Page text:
atok

Fast, easy and dynamic tokenizer for Node Streams

npm install atok
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ATOK - async tokenizer

Overview

Atok is a fast, easy and dynamic tokenizer designed for use with node.js. It is based around the Stream concept and is implemented as a read/write one.

It was originally inspired by node-tokenizer, but quickly grew into its own form as I wanted it to be RegExp agnostic so it could be used on node Buffer intances and more importantly faster.

Atok is built using ekam as it abuses includes and dynamic method generation.

Atok is the fundation for the atok-parser, which provides the environment for quickly building efficient and easier to maintain parsers.

Core concepts

First let's see some definitions. In atok's terms:

  • a subrule is an atomic check against the current data. It can be represented by a user defined function (rarely), a string or a number, or an array of those, as well as specific objects defining a range of values for instance (e.g. { start: 'a', end: 'z' } is equivalent to /[a-z]/ in RegExp)
  • a rule is an ordered combination of subrules. Each subrule is evaluated in order and if any fails, the whole rule is considered failed. If all of them are valid, then the handler supplied at rule instanciation is triggered, or if none was supplied, a data event is emitted instead.
  • a ruleSet is a list of rules that are saved under a given name. Using ruleSets is useful when writting a parser to break down its complexity into smaller, easier to solve chunks. RuleSets can be created or altered on the fly by any of its handlers.
  • a property is an option applicable to the current rules being created.
    • properties are set using their own methods. For instance, a rule may load a different ruleSet upon match using next()
    • properties are defined before the rules they need to be applied to. E.g. atok.next('rules2').addRule(...)
    • once defined, properties are applied to all subsequent rules, unless turned off by calling the property method with no argument or false. E.g. in atok.next('rules2').addRule(...).addRule(...).next().addRule(...) only rule 1 and 2 will load the ruleSet rules2 if they match.

The default workflow in atok is as follow:

  • data is provided to the tokenizer
  • the tokenizer evaluates each of its rules against it (its current ruleSet)
    • if none match, it stops and waits for more
    • if one matches, it triggers the handler/emit an event, then go back to rules evaluation

The default workflow can be altered using the continue() and next() property methods:

  • continue(jump[, jumpOnFail]): the next rule being checked is relative to the one that matched, downward if jump value is positive, upward if negative. In case the rule fails, by default, the tokenizer will process to the next one. This can be modified by specifying the jumpOnFail value.
    • continue(0): go to the next rule on success
    • continue(-1): reevaluate the current rule on success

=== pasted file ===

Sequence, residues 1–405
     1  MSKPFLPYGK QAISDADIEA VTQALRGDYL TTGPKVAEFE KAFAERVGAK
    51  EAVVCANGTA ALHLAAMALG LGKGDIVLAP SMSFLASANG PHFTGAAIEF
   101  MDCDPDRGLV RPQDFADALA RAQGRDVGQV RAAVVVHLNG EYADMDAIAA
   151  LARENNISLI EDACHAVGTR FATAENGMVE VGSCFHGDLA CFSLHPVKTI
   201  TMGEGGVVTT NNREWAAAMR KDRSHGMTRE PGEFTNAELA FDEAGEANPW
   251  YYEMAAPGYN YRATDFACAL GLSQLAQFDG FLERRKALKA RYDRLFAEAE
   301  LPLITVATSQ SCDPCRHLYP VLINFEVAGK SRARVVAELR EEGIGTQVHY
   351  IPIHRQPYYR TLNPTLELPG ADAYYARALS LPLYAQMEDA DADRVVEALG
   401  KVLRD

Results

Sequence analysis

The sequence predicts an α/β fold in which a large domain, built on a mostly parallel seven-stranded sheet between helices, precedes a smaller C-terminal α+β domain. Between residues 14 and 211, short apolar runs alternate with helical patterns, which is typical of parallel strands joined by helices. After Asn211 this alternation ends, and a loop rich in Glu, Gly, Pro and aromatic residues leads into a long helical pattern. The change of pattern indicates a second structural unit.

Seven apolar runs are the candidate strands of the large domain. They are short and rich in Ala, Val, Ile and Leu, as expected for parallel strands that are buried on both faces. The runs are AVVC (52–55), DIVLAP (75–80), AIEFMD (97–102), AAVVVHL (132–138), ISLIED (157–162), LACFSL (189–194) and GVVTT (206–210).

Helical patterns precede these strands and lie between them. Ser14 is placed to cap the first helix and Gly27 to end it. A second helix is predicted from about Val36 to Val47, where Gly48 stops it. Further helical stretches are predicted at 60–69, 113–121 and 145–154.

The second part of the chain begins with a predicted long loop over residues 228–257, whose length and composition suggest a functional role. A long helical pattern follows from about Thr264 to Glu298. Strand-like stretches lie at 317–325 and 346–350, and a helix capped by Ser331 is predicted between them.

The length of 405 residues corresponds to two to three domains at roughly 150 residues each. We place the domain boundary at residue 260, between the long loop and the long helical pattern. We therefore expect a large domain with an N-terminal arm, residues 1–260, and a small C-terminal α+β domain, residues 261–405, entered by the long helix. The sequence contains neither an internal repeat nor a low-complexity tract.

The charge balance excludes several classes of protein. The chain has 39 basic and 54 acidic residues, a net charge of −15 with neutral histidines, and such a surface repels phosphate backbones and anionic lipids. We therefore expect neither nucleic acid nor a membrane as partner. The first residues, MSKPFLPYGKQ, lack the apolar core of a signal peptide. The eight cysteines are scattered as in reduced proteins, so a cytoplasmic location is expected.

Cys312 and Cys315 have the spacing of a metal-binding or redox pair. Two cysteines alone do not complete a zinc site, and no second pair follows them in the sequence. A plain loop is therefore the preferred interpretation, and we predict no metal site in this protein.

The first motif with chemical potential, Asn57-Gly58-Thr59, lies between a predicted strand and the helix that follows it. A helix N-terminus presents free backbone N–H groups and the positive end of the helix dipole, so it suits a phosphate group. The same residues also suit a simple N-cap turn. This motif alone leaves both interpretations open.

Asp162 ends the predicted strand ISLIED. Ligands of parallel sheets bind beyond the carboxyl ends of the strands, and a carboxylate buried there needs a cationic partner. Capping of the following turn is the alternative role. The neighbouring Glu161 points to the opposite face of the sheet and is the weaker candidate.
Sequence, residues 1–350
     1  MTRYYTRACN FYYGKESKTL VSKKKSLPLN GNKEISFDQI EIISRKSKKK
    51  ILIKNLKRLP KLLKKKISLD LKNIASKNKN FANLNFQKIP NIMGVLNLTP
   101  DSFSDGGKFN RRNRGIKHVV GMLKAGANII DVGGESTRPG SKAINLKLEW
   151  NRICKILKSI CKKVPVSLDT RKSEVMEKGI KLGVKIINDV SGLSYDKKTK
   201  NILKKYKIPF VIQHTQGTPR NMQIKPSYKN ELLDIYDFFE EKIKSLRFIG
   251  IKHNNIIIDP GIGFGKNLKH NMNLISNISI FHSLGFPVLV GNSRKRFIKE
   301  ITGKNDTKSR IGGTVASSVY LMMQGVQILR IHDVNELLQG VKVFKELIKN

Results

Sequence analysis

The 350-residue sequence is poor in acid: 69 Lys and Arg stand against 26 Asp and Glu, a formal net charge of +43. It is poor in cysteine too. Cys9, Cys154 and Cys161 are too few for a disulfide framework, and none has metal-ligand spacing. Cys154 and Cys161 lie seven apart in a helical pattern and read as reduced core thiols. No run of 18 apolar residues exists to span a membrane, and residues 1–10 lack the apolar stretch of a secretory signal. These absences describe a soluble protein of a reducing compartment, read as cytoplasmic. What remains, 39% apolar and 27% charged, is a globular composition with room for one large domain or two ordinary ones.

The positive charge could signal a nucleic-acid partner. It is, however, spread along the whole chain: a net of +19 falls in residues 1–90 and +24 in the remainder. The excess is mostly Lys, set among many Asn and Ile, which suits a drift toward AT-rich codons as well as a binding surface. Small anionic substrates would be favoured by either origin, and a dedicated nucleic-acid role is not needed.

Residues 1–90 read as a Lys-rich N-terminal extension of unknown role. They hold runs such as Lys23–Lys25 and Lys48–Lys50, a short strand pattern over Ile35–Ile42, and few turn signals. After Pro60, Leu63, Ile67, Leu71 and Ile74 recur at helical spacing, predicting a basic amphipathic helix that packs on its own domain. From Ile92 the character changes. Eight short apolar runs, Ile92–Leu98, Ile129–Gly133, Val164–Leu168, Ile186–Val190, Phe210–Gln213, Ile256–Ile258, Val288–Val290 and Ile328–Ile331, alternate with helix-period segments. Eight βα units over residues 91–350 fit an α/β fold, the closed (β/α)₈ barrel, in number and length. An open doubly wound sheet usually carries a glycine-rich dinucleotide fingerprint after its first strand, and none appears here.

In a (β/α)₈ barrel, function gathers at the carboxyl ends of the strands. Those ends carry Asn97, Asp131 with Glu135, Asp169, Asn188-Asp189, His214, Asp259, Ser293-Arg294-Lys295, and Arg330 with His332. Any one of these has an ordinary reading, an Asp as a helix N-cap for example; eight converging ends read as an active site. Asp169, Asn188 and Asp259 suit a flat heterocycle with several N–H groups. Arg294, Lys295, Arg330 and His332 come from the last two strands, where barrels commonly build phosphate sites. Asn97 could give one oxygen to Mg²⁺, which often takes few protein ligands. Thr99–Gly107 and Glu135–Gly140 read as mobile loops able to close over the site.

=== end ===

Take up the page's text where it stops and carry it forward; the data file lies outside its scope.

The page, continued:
• continue(-2): go to the previous rule on success
  • next(ruleSet[, index]): when the handler returns, the tokenizer will evaluate rules from the new ruleSet, starting at the first one or the one at index.

It is important to note that the tokenizer is highly dynamic:

  • ruleSets can be changed by handlers
  • rules and ruleSets can be created by handlers based on the data being processed
  • after a match, the tokenizer can branch to a different ruleSet

Download

Atok is published on node package manager (npm). To install, do:

npm install atok

Quick example

Given the following json to be parsed:

["Hello world!"]

The following code would be a very simple JSON parser for it.

var Tokenizer = require('atok')
var tok = new Tokenizer

// Define the parser rules
// By default it will emit data events when a rule is matched
tok
    // Define the quiet property for the following rules (quiet=dont tokenize but emit/trigger the handler)
    // Only used to improve performance
    .quiet(true)
        // first argument is a match on the current position in the buffer
        .addRule('[', 'array-start')
        .addRule(']', 'array-end')
    .quiet() // Turn the quiet property off
    // The second pattern will only match if it is not escaped (default escape character=\)
    .escaped(true)
        .addRule('"', '"', 'string')
    .escaped()
    // Array item separator
    .addRule(',', 'separator')
    // Skip the match, in this case whitespaces
    .ignore(true)
        .addRule([' ','\n', '\t','\r'], 'whitespaces')
    .ignore()

// Setup some variables
var stack = []
var inArray = false

// Attach listeners to the tokenizer
tok.on('data', function (token, idx, type) {
    // token=the matched data
    // idx=when using array of patterns, the index of the matched pattern
    // type=string identifiers used in the rule definition
    switch (type) {
        case 'array-start':
            stack.push([])
            inArray = true
        break
        case 'array-end':
            inArray = false
        break
        case 'string':
            if (inArray)
                stack[ stack.length-1 ].push(token)
            else
                throw new Error('only Arrays supported')
        break
        case 'separator':
        break
        default:
            throw new Error('Unknown type: ' + type)
    }
})
tok.on('end', function () {
    console.log('results is of type', typeof stack[0], 'with', stack[0].length, 'item(s)')
    console.log('results:', stack[0])

})

// Send some data to be parsed!
tok.end('[ "Hello", "world!" ]')

Output

results is object with 1 item(s)
results: [ 'Hello world!' ]

Documentation

See here.

Testing

Atok has a fairly extended set of tests written for mocha. See the test directory.

Issues

See the TODO file.

License

MIT Here

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